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In the Neotropics, many species have been driven extinct across large parts of their range

Seven-coloured Tanager, © Pete Morris/BirdQuest

In the Neotropics, some 230 threatened bird species (about half of those that occur in the region) have been extirpated from significant parts of their range. On average, about a third of their total ranges has been lost. Particularly high densities occur in the Atlantic Forests of Brazil owing to extensive destruction of lowland evergreen forest driven by logging, agriculture and urbanisation.


Density of threatened bird species extirpated from parts of their ranges across South and Central America and the Caribbean

In the Neotropics, some 230 threatened bird species (c.50% of those that occur in the region) have been extirpated from significant parts of their range. On average, c.30% of their total ranges has been lost, varying from <100 km2 (c.40 species) to >20,000 km2 (c.70 species). This analysis is based on a review of areas or sites where species were recorded historically but not recently, or where habitat loss or other threats seem certain to have resulted in their disappearance (analysis of data held in BirdLife’s World Bird Database).

Species in some places have been harder hit than in others. For example, in Cuba, 11 threatened bird species have lost substantial parts of their range across the island owing to widespread habitat destruction and degradation of dry forests, scrub and wetlands. In Argentina, ranges have shrunk significantly for 20 threatened species. These include many that rely on seasonally wet grasslands, which are no longer suitable owing to cattle ranching and drainage. In Brazil, 76 threatened bird species are affected, particularly in the Atlantic Forests, where there has been extensive destruction of lowland evergreen forest owing to logging, agriculture and urbanisation. In some areas 21 threatened birds have disappeared: the highest recorded density of extirpations of threatened birds in the world. Losses of range are inevitably associated with a reduction in the total numbers of individuals and hence an increasing risk of extinction. For example, in the Neotropics there are 17 species on the brink of extinction (categorised as Critically Endangered) that have lost over 99% of their former ranges. Declines in range, and hence in population size, are by no means confined to the Neotropical region. In total, 462 globally threatened bird species (38%) worldwide have been identified as at risk for this reason (BirdLife International 2004).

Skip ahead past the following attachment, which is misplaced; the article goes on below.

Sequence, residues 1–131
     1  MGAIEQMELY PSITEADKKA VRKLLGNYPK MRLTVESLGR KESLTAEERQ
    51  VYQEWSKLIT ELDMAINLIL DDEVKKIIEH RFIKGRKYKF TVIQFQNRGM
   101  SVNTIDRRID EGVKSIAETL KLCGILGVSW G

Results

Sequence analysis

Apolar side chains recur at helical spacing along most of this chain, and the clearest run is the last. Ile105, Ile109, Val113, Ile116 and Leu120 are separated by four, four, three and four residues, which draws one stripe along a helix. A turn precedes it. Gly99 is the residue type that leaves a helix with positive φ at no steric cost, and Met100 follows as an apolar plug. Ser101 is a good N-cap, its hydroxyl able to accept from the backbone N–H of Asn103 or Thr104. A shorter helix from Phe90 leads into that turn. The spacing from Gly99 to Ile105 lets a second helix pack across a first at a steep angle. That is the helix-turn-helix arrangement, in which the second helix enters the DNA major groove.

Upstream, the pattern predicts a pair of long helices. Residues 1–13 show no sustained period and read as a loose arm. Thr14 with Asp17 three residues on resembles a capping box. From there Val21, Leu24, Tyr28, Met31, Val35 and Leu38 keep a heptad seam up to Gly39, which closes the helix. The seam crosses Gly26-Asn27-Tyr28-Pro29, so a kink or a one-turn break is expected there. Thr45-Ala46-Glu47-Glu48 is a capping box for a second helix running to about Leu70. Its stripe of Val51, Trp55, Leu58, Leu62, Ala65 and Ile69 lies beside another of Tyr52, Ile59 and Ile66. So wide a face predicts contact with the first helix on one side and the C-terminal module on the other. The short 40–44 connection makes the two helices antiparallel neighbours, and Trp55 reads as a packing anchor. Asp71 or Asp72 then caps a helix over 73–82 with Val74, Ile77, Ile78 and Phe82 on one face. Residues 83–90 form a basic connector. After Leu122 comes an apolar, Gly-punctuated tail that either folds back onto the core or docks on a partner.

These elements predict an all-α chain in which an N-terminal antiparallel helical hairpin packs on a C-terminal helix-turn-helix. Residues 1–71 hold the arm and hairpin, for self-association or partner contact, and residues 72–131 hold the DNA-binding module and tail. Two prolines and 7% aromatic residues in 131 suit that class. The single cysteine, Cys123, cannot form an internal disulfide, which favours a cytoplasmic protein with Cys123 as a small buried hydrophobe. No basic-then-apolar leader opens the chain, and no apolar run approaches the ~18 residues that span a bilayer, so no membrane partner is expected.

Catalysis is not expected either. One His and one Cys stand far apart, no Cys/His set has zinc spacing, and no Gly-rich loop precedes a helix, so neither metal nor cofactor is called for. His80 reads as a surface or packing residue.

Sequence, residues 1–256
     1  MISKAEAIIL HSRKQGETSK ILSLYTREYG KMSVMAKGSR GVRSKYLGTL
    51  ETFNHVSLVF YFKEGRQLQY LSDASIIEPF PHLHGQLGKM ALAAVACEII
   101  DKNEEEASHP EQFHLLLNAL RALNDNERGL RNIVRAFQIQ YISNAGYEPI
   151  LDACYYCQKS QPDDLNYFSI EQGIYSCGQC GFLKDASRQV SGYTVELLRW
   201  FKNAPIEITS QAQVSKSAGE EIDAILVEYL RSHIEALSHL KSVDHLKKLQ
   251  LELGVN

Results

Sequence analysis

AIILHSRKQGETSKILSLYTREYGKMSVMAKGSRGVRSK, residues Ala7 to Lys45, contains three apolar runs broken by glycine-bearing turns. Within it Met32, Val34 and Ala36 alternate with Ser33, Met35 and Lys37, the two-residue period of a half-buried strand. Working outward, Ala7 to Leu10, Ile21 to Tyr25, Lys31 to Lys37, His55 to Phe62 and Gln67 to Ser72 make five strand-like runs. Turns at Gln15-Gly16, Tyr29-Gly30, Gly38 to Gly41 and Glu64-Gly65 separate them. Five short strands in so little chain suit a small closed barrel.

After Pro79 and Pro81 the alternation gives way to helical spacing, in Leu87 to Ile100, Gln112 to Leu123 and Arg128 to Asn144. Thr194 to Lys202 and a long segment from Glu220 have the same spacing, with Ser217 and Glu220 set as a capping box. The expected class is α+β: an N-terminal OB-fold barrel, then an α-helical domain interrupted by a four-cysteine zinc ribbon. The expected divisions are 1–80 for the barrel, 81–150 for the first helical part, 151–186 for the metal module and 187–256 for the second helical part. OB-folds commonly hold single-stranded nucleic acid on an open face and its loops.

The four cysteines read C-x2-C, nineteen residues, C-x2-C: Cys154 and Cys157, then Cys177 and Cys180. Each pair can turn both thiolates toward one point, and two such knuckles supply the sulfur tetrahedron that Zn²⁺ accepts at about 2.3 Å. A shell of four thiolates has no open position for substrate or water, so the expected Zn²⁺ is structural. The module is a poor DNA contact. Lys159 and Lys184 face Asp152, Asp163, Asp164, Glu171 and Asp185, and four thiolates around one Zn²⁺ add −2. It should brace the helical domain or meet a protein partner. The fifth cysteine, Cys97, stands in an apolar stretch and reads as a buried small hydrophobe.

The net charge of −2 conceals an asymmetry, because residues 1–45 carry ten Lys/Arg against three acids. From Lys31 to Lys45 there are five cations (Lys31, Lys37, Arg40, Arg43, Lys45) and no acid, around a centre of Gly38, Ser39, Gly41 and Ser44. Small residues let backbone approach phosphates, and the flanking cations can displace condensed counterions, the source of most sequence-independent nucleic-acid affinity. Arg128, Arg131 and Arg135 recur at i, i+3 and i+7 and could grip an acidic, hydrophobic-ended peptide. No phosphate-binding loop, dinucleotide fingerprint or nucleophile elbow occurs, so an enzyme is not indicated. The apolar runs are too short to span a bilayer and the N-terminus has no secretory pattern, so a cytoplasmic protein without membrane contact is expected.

References

BirdLife International (2004) Threatened birds of the world 2004. CD-ROM. Cambridge, UK: BirdLife International.

Compiled 2004

Recommended Citation:
BirdLife International (2004) In the Neotropics, many species have been driven extinct across large parts of their range . Presented as part of the BirdLife State of the world's birds website. Available from: http://www.birdlife.org/datazone/sowb/casestudy/105. Checked: 20/12/2014